By DEREK MOORE
THE PRESS DEMOCRAT
A heated dispute Monday over whether dogs should be allowed on property that forms Sonoma’s backdrop nearly derailed the City Council from formally authorizing acquisition of the site.
The council voted 3-2 to accept ownership of the Montini Preserve, a 98-acre hillside parcel that promises to open up sweeping vistas of the city to the public.
Councilman Steve Barbose, however, argued that the city should not move forward Monday with the transfer unless leashed dogs are permitted on the property.
“This isn’t the deal I thought we were making,” Barbose said. “It’s that simple for me.”
Barbose directed his comments at staff members of Sonoma County’s Agricultural Preservation and Open Space District, including General Manager Bill Keene, who were present Monday.
The district, which currently controls the property, has a management plan for it that includes a prohibition on pets, including dogs.
The provision was put in place in 2008 when the Open Space District was considering transferring the property to California State Parks, which does not allow dogs at places under its authority. The state’s budget problems derailed that plan.
Keene appeared sympathetic to dogs being allowed at Montini. He noted dogs are permitted at other properties acquired by the Open Space District, including at Healdsburg Ridge Open Space Reserve.
Barbose and Council Member Laurie Gallian said Keene should have agreed to a provision allowing dogs at Montini simultaneously to the council signing off on the terms Monday night.
“I don’t see why we can’t be consolidated in our causes here,” Gallian said.
But Keene presented the issue as a lengthy one, demanding additional environmental review, and he said the Open Space District staff was “not going to spend our time and effort to amend” the document.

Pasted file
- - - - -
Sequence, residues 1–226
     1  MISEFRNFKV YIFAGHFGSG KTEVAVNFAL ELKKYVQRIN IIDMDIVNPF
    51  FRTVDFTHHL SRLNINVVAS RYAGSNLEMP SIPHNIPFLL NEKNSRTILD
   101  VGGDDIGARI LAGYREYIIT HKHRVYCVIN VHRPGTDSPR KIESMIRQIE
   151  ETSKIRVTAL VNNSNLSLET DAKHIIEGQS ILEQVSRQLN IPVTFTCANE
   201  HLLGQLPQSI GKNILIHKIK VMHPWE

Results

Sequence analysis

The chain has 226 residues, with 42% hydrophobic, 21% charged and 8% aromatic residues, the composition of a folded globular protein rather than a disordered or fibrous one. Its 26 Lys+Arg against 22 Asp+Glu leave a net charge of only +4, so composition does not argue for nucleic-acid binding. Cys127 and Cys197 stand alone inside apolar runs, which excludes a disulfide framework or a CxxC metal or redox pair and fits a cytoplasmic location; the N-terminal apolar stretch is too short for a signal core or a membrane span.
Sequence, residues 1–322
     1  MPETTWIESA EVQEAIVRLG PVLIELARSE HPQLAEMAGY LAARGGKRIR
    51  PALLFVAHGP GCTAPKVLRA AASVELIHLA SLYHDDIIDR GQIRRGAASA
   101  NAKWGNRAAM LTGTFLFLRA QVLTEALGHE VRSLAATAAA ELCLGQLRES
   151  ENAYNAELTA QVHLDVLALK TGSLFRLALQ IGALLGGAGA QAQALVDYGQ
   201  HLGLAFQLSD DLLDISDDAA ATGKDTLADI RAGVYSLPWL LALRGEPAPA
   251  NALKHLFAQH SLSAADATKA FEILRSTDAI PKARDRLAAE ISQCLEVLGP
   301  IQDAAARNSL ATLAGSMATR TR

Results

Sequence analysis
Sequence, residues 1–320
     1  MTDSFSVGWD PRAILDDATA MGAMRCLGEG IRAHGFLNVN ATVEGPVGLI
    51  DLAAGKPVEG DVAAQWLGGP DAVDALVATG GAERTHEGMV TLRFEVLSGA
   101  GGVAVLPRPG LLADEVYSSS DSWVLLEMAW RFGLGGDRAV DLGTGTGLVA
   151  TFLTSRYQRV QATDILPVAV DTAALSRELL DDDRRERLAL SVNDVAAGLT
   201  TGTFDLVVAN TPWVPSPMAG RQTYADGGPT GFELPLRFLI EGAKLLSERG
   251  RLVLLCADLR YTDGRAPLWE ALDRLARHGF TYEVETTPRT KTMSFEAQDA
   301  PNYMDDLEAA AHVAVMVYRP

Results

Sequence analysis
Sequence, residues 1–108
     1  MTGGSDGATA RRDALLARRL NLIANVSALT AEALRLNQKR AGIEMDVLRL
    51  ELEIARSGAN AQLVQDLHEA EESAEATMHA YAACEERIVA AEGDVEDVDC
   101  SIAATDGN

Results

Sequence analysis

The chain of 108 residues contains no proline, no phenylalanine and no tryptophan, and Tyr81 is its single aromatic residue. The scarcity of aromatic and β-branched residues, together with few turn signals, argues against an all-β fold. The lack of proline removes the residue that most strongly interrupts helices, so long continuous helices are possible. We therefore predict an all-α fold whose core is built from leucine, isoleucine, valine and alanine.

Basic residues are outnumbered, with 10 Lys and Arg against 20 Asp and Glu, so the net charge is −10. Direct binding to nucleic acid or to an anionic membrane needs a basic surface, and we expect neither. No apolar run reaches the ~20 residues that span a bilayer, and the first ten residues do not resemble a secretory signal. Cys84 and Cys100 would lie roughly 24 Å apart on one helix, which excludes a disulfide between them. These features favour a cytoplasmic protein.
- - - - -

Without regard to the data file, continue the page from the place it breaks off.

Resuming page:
“That’s really an issue you should take on as a city,” he said.
With the council’s vote Monday night, the Open Space District is expected to formally agree next Tuesday to the transfer at a meeting of its Board of Directors, which is the county Board of Supervisors.
“Never in my wildest imagination did I consider sitting here tonight and consider passing on a golden opportunity for the city,” Mayor Ken Brown said before the outcome of the council’s vote was clear.
The Open Space District bought the Montini Preserve and an adjacent 59-acre conservation easement in 2005 for $13.9 million, including a $1.15 million contribution from the city.
The property forms much of the city’s backdrop and is historically significant because it was part of the foothills bought in 1850 by Gen. Mariano Vallejo.
The plan calls for the Open Space District to transfer both parcels to the city basically at no cost, except for fees related to the transfer, and the city eventually picking up maintenance costs.
Sonoma dog owners, who’ve long complained about a dearth of places to exercise their pets in the city, long have coveted the opportunity to use the Montini Property if it became available.
But several speakers Monday expressed opposition to the idea.
“It seems to be a conflict of interest to have an area for wildlife and to introduce dogs into that,” said Russ Bair of Sonoma.
Council Member Tom Rouse, who made the motion to adopt the resolution that allows for the transfer, also expressed concerns about letting dogs on the property.
“If it’s truly a preserve and we’re trying to keep wildlife in its natural habitat, the introduction of dogs to that habitat could certainly put that in jeopardy,” he said.
The City Council could seek an amendment to the agreement to allow dogs at a later date. The Open Space District has final say.
The agreement approved Monday includes a memo of understanding that the district will negotiate in good faith with the city if it decides to pursue an amendment to allow dogs.
Currently, however, it appears there aren’t enough votes on the council to support such a move.
Plans call for the Open Space District to finish building two miles of trails before the property is opened to the public. That’s not expected until late 2014.
The Sonoma Ecology Center submitted a proposal to the city to do maintenance work on the property, a three-year deal worth $70,000. The Open Space District would reimburse the city for that.
Annual maintenance costs for the property in future years are estimated at $12,000 to $15,000, which would come from the city’s general fund.
You can reach Staff Writer Derek Moore at 521-5336 or firstname.lastname@example.org. On Twitter @deadlinederek.